The most spectacular Moon of 2013 lights up the sky tonight! The Full Strawberry Super Moon coincides with Midsummer (http://en.wikipedia.org/wiki/Midsummer) and comes two days after the Summer Solstice. 
Also known as a perigee moon, a super moon is a coincidence of a Full Moon or a New Moon with the Moon’s closest approach to Earth, named perigee. That’s the point at which the Moon is nearest to Earth as it traces its elliptical path around our planet. 
Another name for the super moon is the perigee-syzyhy of the Earth-Moon-Sun system. The term “supermoon” is not astronomical, but originated in modern astrology. The association of the Moon with both oceanic and crustal tides has led to claims that the supermoon phenomenon may be associated with increased risk of events such as earthquakes and volcanic eruptions.
Due to the Moon’s elliptical orbit around the Earth, its distance varies each month between approximately 357,000 kilometers and 406,000 km. According to NASA, a full moon at perigee is up to 14% larger and 30% brighter than one at its farthest point, or apogee. Tonight’s Super Moon will be at 357,014 km away from Earth. It will be the closest, biggest and fullest moon of 2013.  We won’t see the Moon this close ‘till August, 2014.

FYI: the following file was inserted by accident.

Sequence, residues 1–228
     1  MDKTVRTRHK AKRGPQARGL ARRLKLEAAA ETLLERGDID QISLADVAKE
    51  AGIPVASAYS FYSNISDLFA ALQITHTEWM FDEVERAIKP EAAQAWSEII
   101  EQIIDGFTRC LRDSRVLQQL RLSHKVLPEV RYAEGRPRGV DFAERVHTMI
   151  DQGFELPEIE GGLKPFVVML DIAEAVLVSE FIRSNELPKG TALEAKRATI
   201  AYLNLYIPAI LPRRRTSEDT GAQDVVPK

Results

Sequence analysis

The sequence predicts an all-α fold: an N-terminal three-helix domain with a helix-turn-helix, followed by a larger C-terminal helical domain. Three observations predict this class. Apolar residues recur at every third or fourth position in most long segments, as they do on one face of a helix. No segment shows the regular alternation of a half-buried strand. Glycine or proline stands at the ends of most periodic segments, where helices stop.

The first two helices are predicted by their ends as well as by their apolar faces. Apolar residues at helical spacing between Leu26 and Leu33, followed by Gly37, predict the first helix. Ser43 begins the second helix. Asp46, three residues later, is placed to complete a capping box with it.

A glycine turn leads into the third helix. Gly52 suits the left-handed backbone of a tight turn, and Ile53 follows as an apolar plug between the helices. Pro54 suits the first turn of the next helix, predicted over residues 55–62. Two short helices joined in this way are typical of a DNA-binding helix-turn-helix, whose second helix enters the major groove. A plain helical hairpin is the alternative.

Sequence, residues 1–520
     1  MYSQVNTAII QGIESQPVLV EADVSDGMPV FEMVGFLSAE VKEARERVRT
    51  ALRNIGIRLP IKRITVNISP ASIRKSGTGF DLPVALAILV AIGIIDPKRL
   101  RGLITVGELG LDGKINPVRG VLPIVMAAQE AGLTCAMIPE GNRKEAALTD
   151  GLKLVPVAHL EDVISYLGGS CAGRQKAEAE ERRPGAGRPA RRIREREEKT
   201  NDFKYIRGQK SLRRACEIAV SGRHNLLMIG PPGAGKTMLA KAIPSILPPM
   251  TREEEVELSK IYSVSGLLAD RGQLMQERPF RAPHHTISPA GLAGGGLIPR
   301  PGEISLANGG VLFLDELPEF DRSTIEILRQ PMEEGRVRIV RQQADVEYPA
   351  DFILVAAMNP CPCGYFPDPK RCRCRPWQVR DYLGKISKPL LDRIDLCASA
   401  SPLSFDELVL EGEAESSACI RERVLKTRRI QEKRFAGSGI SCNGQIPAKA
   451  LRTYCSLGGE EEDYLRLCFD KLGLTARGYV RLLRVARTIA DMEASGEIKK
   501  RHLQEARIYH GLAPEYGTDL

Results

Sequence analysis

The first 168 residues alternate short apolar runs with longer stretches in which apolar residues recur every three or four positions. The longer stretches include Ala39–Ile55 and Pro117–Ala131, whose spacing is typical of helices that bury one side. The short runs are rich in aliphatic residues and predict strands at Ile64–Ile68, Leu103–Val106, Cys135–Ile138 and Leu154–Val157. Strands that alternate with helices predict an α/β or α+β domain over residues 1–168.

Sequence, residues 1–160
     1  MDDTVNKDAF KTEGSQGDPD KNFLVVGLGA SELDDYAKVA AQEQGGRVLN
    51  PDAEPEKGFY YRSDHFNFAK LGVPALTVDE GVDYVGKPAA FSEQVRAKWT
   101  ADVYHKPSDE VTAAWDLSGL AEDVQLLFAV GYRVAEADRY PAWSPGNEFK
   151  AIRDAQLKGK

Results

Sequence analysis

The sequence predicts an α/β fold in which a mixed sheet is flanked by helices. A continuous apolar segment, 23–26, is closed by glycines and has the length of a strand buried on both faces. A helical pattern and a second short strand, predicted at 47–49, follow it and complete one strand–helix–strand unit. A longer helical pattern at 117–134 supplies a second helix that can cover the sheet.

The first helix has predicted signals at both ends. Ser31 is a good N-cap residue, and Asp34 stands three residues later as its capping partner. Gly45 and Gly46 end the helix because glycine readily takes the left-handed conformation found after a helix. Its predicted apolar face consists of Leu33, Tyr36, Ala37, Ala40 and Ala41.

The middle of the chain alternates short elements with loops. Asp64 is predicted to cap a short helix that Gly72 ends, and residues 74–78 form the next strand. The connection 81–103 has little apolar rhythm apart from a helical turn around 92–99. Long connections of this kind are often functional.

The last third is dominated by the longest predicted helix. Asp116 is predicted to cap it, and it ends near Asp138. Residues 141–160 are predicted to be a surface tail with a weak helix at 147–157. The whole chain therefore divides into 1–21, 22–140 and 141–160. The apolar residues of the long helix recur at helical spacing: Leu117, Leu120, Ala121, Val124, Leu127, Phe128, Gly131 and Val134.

* The month of June’s full Moon’s name is the Full Strawberry Moon. June’s Full Strawberry Moon got its name because the Algonquin tribes knew it as a signal to gather ripening fruit. It was often known as the Full Rose Moon in Europe (where strawberries aren’t native).
To find out the Moon’s distance from Earth at any time, you can use the Moon Distance Calculator: http://www.timeanddate.com/astronomy/moon/lunar-perigee-apogee.html
Image credit: flickr/ Michael @ NW Lens

The most spectacular Moon of 2013 lights up the sky tonight! The Full Strawberry Super Moon coincides with Midsummer (http://en.wikipedia.org/wiki/Midsummer) and comes two days after the Summer Solstice. 

Also known as a perigee moon, a super moon is a coincidence of a Full Moon or a New Moon with the Moon’s closest approach to Earth, named perigee. That’s the point at which the Moon is nearest to Earth as it traces its elliptical path around our planet. 

Another name for the super moon is the perigee-syzyhy of the Earth-Moon-Sun system. The term “supermoon” is not astronomical, but originated in modern astrology. The association of the Moon with both oceanic and crustal tides has led to claims that the supermoon phenomenon may be associated with increased risk of events such as earthquakes and volcanic eruptions.

Due to the Moon’s elliptical orbit around the Earth, its distance varies each month between approximately 357,000 kilometers and 406,000 km. According to NASA, a full moon at perigee is up to 14% larger and 30% brighter than one at its farthest point, or apogee. Tonight’s Super Moon will be at 357,014 km away from Earth. It will be the closest, biggest and fullest moon of 2013.  We won’t see the Moon this close ‘till August, 2014.

* The month of June’s full Moon’s name is the Full Strawberry Moon. June’s Full Strawberry Moon got its name because the Algonquin tribes knew it as a signal to gather ripening fruit. It was often known as the Full Rose Moon in Europe (where strawberries aren’t native).

To find out the Moon’s distance from Earth at any time, you can use the Moon Distance Calculator: http://www.timeanddate.com/astronomy/moon/lunar-perigee-apogee.html

Image credit: flickr/ Michael @ NW Lens